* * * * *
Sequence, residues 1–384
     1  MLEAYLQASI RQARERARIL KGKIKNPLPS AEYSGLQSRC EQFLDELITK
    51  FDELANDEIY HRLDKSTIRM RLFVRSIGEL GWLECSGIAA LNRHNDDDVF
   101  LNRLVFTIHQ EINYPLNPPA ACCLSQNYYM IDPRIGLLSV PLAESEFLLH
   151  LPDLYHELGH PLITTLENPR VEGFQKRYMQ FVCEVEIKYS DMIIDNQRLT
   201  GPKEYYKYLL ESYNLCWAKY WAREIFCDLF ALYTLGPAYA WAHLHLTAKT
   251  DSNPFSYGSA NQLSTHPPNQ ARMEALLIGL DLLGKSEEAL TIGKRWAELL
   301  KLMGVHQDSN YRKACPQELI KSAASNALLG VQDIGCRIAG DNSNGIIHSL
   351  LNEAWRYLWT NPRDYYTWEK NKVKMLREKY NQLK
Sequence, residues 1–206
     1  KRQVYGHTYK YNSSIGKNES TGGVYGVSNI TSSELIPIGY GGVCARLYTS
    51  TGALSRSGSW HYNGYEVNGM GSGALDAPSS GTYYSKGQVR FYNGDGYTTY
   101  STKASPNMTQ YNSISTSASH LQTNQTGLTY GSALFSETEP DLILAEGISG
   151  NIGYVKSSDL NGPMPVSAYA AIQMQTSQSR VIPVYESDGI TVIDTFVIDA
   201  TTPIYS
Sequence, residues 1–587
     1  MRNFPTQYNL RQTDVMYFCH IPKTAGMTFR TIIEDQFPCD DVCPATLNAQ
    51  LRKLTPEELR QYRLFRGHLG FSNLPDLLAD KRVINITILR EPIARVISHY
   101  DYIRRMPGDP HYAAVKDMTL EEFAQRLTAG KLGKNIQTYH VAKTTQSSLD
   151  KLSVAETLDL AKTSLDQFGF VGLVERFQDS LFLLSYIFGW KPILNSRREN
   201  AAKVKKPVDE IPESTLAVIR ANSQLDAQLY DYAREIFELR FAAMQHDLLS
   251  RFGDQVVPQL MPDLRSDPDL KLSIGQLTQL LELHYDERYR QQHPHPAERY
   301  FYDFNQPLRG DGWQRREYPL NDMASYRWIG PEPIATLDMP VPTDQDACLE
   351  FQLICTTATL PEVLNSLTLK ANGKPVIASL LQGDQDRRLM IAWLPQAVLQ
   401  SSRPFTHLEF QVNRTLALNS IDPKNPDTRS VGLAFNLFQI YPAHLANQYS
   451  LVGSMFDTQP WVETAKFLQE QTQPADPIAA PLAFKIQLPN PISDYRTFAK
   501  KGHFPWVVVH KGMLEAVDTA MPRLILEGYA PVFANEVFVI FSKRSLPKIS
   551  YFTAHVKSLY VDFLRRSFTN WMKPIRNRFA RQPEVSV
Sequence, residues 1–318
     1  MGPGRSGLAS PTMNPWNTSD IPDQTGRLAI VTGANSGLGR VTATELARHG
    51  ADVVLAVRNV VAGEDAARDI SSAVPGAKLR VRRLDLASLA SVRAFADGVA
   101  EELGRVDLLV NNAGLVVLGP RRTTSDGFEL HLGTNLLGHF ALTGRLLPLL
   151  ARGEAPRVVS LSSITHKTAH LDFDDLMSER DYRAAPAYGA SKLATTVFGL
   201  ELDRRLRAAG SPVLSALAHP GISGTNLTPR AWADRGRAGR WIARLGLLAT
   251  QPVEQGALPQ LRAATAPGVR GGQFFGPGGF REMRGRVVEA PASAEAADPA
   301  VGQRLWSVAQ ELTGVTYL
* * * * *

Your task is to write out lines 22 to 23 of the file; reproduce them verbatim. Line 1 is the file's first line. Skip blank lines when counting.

   251  RFGDQVVPQL MPDLRSDPDL KLSIGQLTQL LELHYDERYR QQHPHPAERY
   301  FYDFNQPLRG DGWQRREYPL NDMASYRWIG PEPIATLDMP VPTDQDACLE